Traffic mishaps reach an all-time high.
Below, assorted paperback covers pairing mortal danger and automobiles, including many examples from France, where the theme was particularly popular. Thanks to all the original uploaders on these.
Ready for some stimulating reading?
Above, a beautiful pin-up style cover painted by Jef de Wulf for Tania et le démon by Yvan Nikitine, published by Brussels based Éditions Aphrodite. This is a collection of romantic verse from the Russian poet Yvan Nikitine, not to be confused with the famous 19th century Russian poet Ivan Nikitine, nor the 17th century Russian painter and author Ivan Nikitin. We had trouble figuring all this out, because apparently Nikitine/Nikitin is like Johnson or Jones in Russia, but we think our Nikitine wrote eighteen volumes of poetry over the years, was made a knight of L'Ordre des Palmes Académiques, and is alive and retired in Agen, France. Maybe we should just just focus on the art. Nice, yeah? 1959 copyright.
This next drink is going right to his head.
Above, a cover for Un Cinzano pour l'ange noir, aka A Cinzano for the Black Angel, written by Frédéric Dard in 1953 for Éditions de la Pensée Moderne's collection Les confessions de l'ange noir. The series comprised four books, with this one being the last. Plotwise, the Black Angel gets involved with an heiress who is intent on robbing her industrialist father's vault, which is presumably filled with riches. He does actually get hit over the head with a bottle of Cinzano, which makes for a hell of a hangover. You may not know Frédéric Dard, but he was one of France's most successful authors, publishing more than 300 novels and selling 250 million copies. 173 of those books starred his signature creation Detective Superintendent Antoine San-Antonio. The above novel is not considered one of his best, but when you write books faster than Taco Bell churns out crunchy cheese core burritos there will be a few duds. The cover art is by the always reliable Jef de Wulf.
The headlines that mattered yesteryear.
1986—Otto Preminger Dies
Austro–Hungarian film director Otto Preminger, who directed such eternal classics as Laura, Anatomy of a Murder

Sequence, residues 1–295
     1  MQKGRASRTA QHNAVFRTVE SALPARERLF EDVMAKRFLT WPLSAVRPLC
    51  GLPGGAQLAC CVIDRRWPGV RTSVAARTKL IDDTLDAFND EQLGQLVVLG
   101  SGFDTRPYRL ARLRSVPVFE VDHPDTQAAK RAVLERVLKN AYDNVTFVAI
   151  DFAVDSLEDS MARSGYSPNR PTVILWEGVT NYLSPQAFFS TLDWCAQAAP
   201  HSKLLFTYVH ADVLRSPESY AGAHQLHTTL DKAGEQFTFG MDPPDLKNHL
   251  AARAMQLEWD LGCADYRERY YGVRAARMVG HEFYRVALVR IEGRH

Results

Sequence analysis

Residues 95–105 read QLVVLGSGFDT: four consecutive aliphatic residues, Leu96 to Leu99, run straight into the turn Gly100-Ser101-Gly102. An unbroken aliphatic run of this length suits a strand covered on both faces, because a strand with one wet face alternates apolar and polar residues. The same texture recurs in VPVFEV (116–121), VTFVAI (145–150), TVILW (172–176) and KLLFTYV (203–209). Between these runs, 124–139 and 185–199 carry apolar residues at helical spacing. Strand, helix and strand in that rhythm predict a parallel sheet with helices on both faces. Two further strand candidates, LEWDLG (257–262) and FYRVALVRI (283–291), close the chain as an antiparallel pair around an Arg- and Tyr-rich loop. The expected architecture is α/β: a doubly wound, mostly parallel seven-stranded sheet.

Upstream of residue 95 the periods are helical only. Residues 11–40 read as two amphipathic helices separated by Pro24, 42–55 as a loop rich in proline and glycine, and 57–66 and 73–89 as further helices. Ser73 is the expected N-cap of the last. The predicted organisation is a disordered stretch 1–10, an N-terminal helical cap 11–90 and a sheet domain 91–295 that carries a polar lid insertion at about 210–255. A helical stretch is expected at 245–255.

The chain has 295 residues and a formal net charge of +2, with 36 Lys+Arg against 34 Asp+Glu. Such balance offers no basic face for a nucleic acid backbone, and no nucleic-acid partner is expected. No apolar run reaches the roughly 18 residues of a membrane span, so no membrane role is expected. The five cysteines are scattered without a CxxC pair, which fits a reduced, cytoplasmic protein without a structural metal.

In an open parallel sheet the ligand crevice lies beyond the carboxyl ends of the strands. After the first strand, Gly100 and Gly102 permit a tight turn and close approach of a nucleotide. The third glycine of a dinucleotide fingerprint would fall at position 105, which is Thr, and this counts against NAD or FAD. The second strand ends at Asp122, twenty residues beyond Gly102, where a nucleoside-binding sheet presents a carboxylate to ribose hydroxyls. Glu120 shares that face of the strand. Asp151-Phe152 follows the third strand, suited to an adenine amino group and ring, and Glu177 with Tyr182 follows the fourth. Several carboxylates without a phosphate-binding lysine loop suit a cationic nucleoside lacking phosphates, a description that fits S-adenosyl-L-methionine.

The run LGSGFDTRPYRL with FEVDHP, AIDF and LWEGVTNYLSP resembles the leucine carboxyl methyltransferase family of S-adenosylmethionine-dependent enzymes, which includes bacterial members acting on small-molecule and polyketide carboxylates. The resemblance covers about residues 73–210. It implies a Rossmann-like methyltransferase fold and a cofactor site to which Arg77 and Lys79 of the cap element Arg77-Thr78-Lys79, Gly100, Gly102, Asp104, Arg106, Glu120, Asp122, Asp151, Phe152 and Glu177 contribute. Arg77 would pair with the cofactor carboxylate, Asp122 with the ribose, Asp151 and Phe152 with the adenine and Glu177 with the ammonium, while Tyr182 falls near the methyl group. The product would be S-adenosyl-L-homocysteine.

, Carmen Jones
, The Man with the Golden Arm
, and Stalag 17
, and for his efforts earned a star on Hollywood's Walk of Fame, dies in New York City, aged 80, from cancer and Alzheimer's disease.
1998—James Earl Ray Dies
The convicted assassin of American civil rights leader Martin Luther King, Jr., petty criminal James Earl Ray, dies in prison of hepatitis aged 70, protesting his innocence as he had for decades. Members of the King family who supported Ray's fight to clear his name believed the U.S. Government had been involved in Dr. King's killing, but with Ray's death such questions became moot.
1912—Pravda Is Founded
The newspaper Pravda, or Truth, known as the voice of the Communist Party of the Soviet Union, begins publication in Saint Petersburg. It is one of the country's leading newspapers until 1991, when it is closed down by decree of then-President Boris Yeltsin. A number of other Pravdas appear afterward, including an internet site and a tabloid.
1983—Hitler's Diaries Found
The German magazine Der Stern claims that Adolf Hitler's diaries had been found in wreckage in East Germany. The magazine had paid 10 million German marks for the sixty small books, plus a volume about Rudolf Hess's flight to the United Kingdom, covering the period from 1932 to 1945. But the diaries are subsequently revealed to be fakes written by Konrad Kujau, a notorious Stuttgart forger. Both he and Stern journalist Gerd Heidemann go to trial in 1985 and are each sentenced to 42 months in prison.
1918—The Red Baron Is Shot Down
German WWI fighter ace Manfred von Richthofen, better known as The Red Baron, sustains a fatal wound while flying over Vaux sur Somme in France. Von Richthofen, shot through the heart, manages a hasty emergency landing before dying in the cockpit of his plane. His last word, according to one witness, is "Kaputt." The Red Baron was the most successful flying ace during the war, having shot down at least 80 enemy airplanes.
1964—Satellite Spreads Radioactivity
An American-made Transit satellite, which had been designed to track submarines, fails to reach orbit after launch and disperses its highly radioactive two pound plutonium power source over a wide area as it breaks up re-entering the atmosphere.